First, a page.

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Polyenes

Fungicide that disrupts fungal cell membranes resulting in cytoplasmic leakage (itching, gastrointestinal disturbance - kidney damage, anemia, respectively); IV drip, topical; Amphoterican B most commonly used

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Flucytosine (Oral)

Fungicide that inhibits nucleic acid synthesis (rash, diarrhea, liver damage)

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Antiviral Compounds

Drugs that prevent transcription and translation, or the maturation of viruses; typically have a low TI and are very toxic, with a number of side effects; no drub provides a cure but used to slow progression of the disease and treat symptoms

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Acycolvir

Antiviral compound that inhibits viral DNA polymerase in the herpes virus; few side effects as the drug is only activated in cells that have the virus; either used as topical or by IV to prevent recurrent herpes out-breaks

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Nucleotide Analogs (AZT, ddl, ddC)

Molecules with a similar, but not exact, molecular structure to four normal types of nucleotides; this molecule (drug) is then mistakenly incorporated into the DNA strand of growing viruses, but the strand is useless; DNA replication eventually halts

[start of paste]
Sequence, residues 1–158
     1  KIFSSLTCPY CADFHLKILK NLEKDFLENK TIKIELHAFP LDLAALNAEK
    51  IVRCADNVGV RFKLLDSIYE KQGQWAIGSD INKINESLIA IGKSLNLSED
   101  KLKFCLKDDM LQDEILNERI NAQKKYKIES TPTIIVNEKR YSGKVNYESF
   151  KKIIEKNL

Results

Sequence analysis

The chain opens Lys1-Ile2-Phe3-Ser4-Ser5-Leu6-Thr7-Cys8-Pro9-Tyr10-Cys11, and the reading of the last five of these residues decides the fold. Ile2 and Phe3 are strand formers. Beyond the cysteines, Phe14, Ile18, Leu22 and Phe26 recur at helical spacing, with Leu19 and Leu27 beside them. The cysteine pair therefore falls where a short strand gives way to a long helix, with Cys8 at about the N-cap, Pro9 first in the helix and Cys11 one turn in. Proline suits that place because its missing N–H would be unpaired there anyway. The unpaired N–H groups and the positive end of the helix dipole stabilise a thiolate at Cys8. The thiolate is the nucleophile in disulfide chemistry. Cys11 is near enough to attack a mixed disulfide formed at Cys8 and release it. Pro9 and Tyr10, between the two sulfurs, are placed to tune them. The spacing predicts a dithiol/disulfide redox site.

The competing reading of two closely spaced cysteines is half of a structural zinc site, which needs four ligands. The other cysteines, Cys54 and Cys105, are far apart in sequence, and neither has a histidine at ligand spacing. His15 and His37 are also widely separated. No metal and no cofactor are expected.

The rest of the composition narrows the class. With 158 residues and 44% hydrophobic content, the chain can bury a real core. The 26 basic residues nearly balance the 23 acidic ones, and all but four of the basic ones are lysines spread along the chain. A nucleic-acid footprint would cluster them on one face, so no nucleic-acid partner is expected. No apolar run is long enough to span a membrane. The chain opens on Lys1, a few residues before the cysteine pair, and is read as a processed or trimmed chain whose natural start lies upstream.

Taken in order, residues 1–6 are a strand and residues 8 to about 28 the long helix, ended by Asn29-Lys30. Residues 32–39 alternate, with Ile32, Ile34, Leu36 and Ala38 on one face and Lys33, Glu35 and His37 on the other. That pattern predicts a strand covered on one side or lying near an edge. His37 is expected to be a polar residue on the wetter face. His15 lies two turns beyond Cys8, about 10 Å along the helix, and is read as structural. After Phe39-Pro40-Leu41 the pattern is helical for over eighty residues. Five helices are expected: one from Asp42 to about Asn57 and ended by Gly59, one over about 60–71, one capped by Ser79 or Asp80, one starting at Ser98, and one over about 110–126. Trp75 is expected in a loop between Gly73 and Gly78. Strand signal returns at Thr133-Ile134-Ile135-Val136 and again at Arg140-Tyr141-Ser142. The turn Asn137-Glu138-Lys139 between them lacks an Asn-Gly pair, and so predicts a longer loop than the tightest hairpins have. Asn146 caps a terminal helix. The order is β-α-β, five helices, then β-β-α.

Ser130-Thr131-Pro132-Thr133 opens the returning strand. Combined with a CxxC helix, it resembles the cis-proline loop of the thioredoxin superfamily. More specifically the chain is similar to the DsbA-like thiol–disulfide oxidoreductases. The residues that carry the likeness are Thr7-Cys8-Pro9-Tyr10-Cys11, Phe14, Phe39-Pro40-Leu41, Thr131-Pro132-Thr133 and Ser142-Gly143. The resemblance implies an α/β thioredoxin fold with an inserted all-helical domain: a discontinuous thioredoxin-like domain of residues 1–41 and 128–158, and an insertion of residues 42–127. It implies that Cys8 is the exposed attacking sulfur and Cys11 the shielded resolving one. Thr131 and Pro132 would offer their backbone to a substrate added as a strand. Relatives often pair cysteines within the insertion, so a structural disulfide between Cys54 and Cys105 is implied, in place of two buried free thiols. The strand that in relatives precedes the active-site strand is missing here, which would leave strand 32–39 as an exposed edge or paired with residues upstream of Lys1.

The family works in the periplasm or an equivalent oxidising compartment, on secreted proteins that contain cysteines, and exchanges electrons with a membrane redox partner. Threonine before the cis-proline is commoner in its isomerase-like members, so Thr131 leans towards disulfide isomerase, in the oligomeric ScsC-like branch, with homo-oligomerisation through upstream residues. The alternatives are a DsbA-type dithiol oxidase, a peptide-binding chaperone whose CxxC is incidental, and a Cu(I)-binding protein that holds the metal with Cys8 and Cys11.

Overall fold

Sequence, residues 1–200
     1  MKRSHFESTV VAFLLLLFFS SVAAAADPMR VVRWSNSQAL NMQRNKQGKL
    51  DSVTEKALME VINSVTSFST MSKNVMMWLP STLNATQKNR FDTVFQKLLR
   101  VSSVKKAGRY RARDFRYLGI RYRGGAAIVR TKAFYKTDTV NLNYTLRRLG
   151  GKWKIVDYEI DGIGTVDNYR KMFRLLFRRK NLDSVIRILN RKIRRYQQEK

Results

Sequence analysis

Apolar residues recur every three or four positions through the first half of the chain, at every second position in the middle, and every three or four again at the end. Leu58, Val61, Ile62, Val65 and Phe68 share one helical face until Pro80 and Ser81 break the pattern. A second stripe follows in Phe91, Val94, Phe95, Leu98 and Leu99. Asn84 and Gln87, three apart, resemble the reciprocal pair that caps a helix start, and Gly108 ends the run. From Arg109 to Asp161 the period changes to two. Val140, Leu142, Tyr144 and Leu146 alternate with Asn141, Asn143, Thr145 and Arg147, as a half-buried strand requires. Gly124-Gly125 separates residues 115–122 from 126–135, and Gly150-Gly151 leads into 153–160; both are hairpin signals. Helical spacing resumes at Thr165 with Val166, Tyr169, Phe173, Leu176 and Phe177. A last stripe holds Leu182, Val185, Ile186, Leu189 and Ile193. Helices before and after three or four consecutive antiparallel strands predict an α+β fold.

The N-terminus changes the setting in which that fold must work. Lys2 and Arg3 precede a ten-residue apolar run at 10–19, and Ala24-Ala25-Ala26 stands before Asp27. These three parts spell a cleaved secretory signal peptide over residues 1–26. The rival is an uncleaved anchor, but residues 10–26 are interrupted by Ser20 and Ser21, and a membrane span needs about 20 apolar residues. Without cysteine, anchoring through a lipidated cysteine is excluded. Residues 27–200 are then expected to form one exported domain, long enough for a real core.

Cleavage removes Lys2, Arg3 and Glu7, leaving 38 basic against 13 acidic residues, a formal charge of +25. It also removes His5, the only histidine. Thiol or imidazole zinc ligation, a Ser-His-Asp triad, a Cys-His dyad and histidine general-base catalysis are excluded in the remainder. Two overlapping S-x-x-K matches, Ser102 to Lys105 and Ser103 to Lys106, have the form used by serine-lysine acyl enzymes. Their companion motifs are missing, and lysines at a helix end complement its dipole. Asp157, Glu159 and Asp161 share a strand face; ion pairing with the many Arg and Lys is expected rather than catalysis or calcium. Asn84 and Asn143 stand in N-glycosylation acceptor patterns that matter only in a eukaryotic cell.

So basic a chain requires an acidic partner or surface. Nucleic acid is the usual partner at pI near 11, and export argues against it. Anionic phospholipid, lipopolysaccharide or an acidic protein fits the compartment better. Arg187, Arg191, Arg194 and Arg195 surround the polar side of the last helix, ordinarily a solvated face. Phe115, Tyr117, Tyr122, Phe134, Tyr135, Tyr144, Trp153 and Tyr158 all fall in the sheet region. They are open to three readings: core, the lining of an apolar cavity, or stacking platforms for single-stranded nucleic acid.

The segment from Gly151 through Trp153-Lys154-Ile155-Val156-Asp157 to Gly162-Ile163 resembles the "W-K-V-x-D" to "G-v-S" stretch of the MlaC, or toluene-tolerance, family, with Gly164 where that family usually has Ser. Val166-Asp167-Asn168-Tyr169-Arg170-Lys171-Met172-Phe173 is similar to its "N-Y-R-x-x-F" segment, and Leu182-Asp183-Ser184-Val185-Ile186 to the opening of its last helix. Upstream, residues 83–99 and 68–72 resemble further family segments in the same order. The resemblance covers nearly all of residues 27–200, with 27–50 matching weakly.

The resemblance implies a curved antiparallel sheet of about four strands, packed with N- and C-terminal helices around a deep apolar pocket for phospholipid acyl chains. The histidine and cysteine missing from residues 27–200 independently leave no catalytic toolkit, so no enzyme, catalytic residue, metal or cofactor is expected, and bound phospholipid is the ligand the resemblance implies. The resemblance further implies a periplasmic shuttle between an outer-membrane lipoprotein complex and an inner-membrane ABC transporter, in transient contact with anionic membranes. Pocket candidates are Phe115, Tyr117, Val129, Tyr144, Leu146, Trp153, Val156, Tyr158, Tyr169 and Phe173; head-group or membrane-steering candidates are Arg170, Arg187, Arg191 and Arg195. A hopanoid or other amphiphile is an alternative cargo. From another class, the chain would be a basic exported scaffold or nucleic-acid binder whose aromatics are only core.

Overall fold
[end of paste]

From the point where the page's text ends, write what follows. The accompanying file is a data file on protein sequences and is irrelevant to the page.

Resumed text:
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Amantadine & Rimantadine

Antiviral compounds that prevent the uncoating of the influenza virus; help alleviate symptoms; must be given in the early stages of infection

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Drug Cocktails

The use of 3-4 different antiviral compounds to stop and reverse the progress of the AIDS virus; as of yet, not a cure, even though people on treatment return to normal lives and have no visible traces of the virus; if treatment ends the virus returns

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Considerations for Choosing Antimicrobial Drugs When Treating Infections

- Always choose a drug with the highest TI that is effective against the specific microbe causing the infection